ARCHIVED: What is Ethernet?

Ethernet (the name commonly used for IEEE 802.3 CSMA/CD) is the dominant cabling and low level data delivery technology used in local area networks (LANs). Following are some Ethernet features:

  • Ethernet transmits data at up to ten million bits (i.e., 10 megabits) per second (10 Mbps). Fast Ethernet supports up to 100 Mbps, Gigabit Ethernet supports up to 1,000 Mbps, and 10 Gbps Ethernet supports up speeds matching its name (10 gigabits per second or 10,000 Mbps).

    Buildings at Indiana University are connected to the campus backbone using 1 Gbps Ethernet. At IU, 10 Gbps connectivity is primarily used for backbone links, though some systems in the Data Centers are connected at this speed as well.

  • Ethernet supports networks built with twisted-pair (10BaseT), thin and thick coaxial (10Base2 and 10Base5, respectively), and fiber-optic (10BaseF) cabling. Fast and Gigabit Ethernets can be built with twisted-pair (100/1000BaseT) and fiber-optic (100BaseF/1000BaseLR) cabling. Currently, 10 and 100BaseT Ethernets are the most common for hosts within buildings.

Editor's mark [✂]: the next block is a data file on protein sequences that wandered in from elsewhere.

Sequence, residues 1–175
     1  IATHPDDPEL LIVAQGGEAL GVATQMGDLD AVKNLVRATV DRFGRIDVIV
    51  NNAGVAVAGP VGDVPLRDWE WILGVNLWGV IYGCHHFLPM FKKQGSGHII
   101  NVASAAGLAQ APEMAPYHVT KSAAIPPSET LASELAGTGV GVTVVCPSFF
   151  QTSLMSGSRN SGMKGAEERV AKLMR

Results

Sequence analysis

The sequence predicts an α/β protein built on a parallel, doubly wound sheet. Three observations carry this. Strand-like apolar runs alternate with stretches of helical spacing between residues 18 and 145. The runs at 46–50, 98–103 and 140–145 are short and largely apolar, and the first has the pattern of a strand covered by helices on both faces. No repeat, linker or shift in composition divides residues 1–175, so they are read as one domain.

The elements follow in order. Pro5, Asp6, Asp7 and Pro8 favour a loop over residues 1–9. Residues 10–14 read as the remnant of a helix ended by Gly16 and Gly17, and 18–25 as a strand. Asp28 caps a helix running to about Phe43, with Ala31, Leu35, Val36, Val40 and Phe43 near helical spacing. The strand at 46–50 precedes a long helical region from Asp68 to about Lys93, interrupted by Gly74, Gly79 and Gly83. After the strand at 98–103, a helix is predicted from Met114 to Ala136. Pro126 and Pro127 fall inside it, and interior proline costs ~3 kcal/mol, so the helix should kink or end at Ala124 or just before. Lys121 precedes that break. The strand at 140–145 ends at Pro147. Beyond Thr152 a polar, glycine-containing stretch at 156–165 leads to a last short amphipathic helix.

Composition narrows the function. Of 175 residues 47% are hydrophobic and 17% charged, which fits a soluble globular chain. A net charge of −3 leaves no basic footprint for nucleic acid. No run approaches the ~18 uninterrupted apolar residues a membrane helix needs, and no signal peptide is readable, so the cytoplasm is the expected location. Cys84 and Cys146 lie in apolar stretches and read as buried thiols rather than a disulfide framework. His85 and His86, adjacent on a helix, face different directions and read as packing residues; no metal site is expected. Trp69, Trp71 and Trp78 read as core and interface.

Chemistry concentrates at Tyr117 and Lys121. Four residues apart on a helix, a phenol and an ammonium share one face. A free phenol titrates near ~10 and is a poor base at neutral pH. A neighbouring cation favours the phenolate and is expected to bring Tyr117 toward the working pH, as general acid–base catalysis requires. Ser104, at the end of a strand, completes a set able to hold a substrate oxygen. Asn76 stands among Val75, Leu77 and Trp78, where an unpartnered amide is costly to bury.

• Data is transmitted over the network in discrete packets (frames) which are between 64 and 1,518 bytes in length (46 to 1,500 bytes of data, plus a mandatory 18 bytes of header and CRC information).
  • Each device on an Ethernet network operates independently and equally, precluding the need for a central controlling device.
  • Ethernet supports a wide array of protocols, the most common including TCP/IP, UDP, and ICMP (Ping).
  • To prevent the loss of data, when two or more devices attempt to send packets at the same time, Ethernet detects collisions. All devices immediately stop transmitting and wait a randomly determined period of time before they attempt to transmit again.

For more, including quick reference guides, specification overviews, and history, visit Charles Spurgeon's Ethernet web site.

Note: IU uses the Ethernet_II specification, which is older than the IEEE 802.3 standard, and more closely related to the original DIX Ethernet.

This is document aesi in the Knowledge Base.
Last modified on 2013-09-20 00:00:00.

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